"Similarly I think there's an easy way to resolve our issues on the payroll tax cut bill. The Senate should proceed with an open process -- allow amendments and work its will on the House-passed bill. If Senators have their voices heard in an open way, I think it would help us get to a resolution much more quickly."
Here's why this hasn't happened already. For one thing, Democratic leaders and the White House have some outstanding reservations with the appropriations legislation. But more importantly, many Democrats are convinced that if Congress clears it plate of funding the government, House Republicans will skip town and leave Senate Dems a choice between passing their bill or allowing the payroll cut, and extended unemployment benefits to expire.
I asked Boehner about this explicitly, and he publicly committed to reconvening the House once the Senate passes these extensions on a bipartisan basis.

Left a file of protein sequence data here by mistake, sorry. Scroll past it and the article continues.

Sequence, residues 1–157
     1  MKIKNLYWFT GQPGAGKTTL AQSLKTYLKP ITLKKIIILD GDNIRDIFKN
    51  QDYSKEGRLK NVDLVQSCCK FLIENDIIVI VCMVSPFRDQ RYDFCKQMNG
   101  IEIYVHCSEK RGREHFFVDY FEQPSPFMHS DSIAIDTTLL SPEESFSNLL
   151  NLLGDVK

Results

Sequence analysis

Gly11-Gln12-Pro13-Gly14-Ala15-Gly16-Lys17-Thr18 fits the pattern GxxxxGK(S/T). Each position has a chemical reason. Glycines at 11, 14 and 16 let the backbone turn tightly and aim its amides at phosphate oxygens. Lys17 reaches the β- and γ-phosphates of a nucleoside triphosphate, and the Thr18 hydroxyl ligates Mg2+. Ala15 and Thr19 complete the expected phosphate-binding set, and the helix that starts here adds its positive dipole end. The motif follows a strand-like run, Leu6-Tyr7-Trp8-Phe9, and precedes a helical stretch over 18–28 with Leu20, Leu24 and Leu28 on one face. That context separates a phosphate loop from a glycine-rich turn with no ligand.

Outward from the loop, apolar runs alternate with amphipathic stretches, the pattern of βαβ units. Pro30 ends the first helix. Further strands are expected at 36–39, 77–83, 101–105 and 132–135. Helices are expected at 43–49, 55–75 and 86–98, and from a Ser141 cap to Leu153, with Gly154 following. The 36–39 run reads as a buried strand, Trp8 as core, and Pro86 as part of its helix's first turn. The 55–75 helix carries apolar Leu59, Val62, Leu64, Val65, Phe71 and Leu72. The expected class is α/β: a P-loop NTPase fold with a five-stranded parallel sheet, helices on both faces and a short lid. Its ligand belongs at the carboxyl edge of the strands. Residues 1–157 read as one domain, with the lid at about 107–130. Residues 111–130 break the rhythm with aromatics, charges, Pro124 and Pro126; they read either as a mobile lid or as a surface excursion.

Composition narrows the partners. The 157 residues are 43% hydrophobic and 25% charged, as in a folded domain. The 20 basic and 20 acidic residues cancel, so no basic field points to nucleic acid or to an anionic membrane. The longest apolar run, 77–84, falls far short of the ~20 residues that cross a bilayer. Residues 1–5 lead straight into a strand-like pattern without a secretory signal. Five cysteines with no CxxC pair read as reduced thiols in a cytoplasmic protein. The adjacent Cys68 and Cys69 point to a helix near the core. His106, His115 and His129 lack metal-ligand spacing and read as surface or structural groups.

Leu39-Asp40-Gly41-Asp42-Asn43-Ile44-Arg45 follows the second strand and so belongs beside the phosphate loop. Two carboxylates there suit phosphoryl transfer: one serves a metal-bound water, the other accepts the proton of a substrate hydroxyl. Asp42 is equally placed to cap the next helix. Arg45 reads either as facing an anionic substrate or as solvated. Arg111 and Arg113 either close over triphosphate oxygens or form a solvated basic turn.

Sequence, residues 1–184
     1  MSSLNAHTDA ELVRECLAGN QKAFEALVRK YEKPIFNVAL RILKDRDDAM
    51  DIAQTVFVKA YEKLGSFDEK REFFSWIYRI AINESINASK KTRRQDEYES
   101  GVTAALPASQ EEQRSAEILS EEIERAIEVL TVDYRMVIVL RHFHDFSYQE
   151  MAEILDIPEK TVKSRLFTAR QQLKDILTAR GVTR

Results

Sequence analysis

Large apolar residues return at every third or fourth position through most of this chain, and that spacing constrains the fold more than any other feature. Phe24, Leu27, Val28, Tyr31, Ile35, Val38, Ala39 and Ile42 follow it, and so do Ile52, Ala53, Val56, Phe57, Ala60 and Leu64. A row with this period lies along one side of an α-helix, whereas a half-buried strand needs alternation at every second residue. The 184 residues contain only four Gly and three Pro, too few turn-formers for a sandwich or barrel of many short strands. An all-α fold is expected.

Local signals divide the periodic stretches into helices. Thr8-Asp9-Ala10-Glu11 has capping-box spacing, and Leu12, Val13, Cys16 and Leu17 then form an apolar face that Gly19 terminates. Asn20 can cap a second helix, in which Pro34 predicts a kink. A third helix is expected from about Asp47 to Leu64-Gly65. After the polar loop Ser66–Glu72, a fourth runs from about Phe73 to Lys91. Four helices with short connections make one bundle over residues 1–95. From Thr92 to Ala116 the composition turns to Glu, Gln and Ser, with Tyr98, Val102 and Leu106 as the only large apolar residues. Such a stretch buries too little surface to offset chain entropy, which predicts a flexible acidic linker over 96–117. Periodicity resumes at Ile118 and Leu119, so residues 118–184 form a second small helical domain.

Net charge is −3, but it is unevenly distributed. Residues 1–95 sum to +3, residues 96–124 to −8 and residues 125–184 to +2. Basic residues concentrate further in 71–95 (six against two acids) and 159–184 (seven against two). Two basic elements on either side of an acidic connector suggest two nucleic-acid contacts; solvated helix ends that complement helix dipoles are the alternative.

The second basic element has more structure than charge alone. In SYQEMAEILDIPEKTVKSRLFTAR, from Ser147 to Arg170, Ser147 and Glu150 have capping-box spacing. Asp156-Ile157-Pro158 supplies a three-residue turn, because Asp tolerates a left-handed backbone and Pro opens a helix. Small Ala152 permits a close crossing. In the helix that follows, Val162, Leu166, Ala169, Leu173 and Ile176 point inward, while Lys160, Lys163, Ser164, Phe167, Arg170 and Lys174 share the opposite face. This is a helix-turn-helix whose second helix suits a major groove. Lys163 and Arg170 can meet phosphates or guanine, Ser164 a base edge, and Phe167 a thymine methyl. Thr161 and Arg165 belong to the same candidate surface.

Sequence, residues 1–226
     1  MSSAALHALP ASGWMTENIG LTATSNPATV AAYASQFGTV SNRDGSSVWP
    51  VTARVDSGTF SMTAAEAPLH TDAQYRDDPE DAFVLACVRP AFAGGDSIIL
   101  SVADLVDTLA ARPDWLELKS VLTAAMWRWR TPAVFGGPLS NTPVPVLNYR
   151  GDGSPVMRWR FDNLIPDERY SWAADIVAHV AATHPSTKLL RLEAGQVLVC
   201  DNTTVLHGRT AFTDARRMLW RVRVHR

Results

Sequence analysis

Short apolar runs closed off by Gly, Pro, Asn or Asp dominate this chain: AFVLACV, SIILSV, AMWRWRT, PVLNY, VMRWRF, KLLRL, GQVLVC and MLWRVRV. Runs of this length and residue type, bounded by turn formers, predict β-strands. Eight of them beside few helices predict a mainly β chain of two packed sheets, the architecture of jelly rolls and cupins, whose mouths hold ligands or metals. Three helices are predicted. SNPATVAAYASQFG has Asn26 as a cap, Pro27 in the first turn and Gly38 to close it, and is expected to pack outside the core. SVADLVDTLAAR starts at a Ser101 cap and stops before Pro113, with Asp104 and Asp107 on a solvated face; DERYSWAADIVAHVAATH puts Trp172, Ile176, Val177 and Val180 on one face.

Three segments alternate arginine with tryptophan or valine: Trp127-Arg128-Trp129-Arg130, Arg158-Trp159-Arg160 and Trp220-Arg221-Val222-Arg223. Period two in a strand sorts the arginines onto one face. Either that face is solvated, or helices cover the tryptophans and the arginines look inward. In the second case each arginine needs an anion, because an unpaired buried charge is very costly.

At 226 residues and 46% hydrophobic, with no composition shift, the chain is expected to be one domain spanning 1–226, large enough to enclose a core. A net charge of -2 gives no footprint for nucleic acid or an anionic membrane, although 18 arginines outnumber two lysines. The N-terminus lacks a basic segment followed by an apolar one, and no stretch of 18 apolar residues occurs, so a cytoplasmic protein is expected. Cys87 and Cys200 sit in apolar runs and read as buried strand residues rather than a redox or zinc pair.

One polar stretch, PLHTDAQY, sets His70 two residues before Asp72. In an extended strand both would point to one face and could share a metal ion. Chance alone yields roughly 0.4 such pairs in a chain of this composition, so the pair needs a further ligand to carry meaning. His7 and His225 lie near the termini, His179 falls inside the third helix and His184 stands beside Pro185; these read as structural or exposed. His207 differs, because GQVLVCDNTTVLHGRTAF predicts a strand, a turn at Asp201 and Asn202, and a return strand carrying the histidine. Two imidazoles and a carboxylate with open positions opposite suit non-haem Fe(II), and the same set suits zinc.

"Let me make this perfectly clear -- I thought it was clear all week," Boehner said. "Once the House passes an appropriation bill to keep our government funded, there's no reason for House members to sit around here. If the Senate acts, I'm committed to bringing the House back to deal with whatever the Senate does. And there is absolutely no interest on our part in trying to be strident about this. We believe that it's important to keep the government open, and we believe it's important to finish the work on the payroll tax cut, unemployment insurance, and the doc fix."
Taking Boehner at his word, that would leave Harry Reid, Mitch McConnell and the White House in town to forge a compromise that can overcome a filibuster and that President Obama will sign. Dems may be concerned that Republicans will have no incentive to deal in good faith without the threat of a government shutdown looming. But the threat of an increase in a payroll tax cut, and Obama's veto power, preserves a good deal of the Dems' leverage.
I have inquiries out on this, and I'll provide an update as soon as I have one.